Civic: After a strong 2016, Civic sales have cooled for 2017 though fresh models keep rolling into dealerships, such as the Si and long-awaited Type R. Variants of the Type R are coming but likely not until the 2019 or 2020 model years; they'll include a more powerful track-focused model and a more mainstream version that could offer an alternative to the six-speed manual transmission. A hybrid or plug-in hybrid Civic is expected in 2018 or 2019 based on Honda's promise to introduce such versions of its core models. A freshened base Civic should arrive for the 2019 model year.
Accord: The 10th-generation sedan debuted this month as a 2018 model. Set to go on sale this year, it rides on the same front-wheel-drive platform as the Civic and CR-V. It uses a 1.5-liter turbocharged four-cylinder engine and a continuously variable transmission as its base powertrain and a 2.0-liter turbocharged four-cylinder with a 10-speed automatic as the optional powertrain that replaces the long-standing V-6. A six-speed manual is available on base models of each engine, and all models have Honda Sensing. The Accord Hybrid returns with revisions to its two-motor hybrid system that boost efficiency.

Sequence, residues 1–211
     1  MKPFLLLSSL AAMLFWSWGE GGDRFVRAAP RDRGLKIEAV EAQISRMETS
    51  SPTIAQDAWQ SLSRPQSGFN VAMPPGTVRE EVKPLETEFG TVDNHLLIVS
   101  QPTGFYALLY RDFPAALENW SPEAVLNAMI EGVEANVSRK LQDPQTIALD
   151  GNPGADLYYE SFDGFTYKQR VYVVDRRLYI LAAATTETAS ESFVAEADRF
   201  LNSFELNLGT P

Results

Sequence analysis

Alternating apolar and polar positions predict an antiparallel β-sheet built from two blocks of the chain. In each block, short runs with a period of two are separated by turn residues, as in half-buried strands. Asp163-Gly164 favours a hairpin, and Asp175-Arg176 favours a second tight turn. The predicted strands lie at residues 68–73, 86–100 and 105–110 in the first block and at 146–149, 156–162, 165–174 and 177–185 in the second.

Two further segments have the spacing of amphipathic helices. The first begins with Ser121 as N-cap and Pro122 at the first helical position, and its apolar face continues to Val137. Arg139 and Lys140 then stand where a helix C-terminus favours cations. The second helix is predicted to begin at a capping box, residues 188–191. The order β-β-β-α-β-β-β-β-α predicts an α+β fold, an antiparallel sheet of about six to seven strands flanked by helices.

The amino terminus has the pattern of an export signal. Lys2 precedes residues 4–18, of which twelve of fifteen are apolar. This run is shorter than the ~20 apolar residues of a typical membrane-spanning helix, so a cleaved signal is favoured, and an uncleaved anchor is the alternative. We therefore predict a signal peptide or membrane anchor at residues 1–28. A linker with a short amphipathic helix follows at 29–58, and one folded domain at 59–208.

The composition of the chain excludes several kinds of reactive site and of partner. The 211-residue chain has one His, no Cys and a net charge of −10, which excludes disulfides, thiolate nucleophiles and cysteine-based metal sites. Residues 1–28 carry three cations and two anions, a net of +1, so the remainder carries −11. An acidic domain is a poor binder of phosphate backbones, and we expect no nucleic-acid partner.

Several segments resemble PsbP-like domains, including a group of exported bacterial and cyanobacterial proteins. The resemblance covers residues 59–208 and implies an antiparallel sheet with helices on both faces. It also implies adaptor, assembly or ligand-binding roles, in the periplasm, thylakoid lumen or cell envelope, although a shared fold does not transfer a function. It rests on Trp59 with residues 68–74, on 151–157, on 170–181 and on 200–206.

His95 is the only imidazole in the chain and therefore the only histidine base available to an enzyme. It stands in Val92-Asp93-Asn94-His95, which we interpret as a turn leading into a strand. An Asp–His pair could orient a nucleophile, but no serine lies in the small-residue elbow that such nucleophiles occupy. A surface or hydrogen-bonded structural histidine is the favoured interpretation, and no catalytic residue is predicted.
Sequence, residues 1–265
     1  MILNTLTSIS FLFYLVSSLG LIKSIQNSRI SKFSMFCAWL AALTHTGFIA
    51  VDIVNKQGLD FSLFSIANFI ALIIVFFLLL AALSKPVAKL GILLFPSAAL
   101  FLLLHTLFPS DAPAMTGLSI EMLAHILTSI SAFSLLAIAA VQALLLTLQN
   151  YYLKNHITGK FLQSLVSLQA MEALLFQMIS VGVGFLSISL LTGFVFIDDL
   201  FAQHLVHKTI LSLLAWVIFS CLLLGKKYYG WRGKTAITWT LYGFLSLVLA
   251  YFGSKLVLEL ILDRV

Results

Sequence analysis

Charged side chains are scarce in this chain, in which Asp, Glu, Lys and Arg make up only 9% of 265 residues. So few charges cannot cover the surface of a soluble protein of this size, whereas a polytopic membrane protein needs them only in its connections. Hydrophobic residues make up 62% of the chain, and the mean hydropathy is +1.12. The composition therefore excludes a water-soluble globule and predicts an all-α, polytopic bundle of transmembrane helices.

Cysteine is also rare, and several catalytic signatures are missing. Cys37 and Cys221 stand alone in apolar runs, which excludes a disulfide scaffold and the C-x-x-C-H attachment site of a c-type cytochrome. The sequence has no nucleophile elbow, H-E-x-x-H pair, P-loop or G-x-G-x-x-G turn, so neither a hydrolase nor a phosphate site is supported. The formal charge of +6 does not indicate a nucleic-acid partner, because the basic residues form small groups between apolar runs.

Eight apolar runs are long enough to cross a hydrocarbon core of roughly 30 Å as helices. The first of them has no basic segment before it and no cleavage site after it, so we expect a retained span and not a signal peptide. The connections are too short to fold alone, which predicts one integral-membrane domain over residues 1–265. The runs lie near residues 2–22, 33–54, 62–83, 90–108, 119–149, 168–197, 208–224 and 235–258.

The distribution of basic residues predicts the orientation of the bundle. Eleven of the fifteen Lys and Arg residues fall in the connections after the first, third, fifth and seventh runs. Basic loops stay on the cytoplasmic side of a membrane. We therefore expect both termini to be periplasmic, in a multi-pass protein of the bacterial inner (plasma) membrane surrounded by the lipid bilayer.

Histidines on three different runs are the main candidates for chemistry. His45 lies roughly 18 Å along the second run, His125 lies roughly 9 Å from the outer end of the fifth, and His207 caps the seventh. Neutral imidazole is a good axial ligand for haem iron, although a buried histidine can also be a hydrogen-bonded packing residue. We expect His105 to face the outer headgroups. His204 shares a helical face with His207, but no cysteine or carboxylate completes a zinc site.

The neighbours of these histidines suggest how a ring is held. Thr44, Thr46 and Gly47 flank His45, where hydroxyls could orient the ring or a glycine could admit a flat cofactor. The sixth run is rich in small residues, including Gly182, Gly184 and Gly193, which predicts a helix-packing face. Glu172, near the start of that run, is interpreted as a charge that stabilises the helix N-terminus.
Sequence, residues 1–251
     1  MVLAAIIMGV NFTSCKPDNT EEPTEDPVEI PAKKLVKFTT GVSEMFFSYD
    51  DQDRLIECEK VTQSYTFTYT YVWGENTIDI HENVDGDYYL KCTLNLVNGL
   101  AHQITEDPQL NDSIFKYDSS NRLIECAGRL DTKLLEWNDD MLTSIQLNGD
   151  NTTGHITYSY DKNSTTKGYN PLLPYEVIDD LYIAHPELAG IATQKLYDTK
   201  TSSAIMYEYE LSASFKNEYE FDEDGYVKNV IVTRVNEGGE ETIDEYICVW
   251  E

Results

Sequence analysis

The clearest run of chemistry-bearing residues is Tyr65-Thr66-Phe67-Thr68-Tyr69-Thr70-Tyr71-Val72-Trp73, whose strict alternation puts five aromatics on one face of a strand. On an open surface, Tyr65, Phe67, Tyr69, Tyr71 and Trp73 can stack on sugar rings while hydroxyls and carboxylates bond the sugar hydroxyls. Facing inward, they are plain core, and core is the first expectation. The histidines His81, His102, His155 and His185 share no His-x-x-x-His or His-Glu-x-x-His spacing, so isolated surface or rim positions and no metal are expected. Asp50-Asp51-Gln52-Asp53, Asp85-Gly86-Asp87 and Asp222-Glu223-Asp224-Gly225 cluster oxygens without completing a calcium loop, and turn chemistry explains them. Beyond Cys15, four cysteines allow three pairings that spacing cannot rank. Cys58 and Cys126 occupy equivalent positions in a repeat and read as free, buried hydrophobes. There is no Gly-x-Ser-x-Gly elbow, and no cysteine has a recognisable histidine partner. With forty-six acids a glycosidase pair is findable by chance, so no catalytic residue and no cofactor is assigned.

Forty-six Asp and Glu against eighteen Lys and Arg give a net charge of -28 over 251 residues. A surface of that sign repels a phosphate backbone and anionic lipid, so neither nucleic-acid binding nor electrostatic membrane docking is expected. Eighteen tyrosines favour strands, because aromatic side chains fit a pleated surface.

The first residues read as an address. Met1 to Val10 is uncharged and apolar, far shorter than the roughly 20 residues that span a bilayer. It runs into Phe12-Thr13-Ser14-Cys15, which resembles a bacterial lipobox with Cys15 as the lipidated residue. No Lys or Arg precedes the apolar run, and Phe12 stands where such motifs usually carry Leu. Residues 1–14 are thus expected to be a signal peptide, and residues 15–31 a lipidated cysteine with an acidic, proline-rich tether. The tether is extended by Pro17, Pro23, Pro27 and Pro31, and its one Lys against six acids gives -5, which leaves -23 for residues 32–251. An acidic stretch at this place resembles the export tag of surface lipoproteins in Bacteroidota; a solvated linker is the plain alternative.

Sports car: Since the S2000 died, Honda diehards — and dealers — have yearned for a successor. The Civic Type R only partially fills that void, and repeated patent filings for a small Honda or Acura two-seat, midengine sports car have kept speculation rampant. Acura would make more sense for the U.S., considering it has more to gain from an approachable performance halo, something the NSX is too pricey to pull off. If it happens, expect rear- or all-wheel drive, and at least a hybrid or plug-in hybrid and possibly even an electric.
Stand-alone hybrid: Honda's global CEO announced at the 2017 Detroit auto show that his company was developing a stand-alone hybrid to be built and sold in the U.S. Despite reports of a Tokyo auto show debut, this vehicle is set for an early 2018 debut as a 2019 model. Whether it's a crossover or car remains to be seen, but it will most likely be a C-segment vehicle. Consumers' preference for crossovers and the fact that a hybrid car could be confusingly close to the Clarity lineup help the case for a crossover. But brands such as Honda are eager to have a Prius fighter, the failure of Honda's second-gen Insight notwithstanding.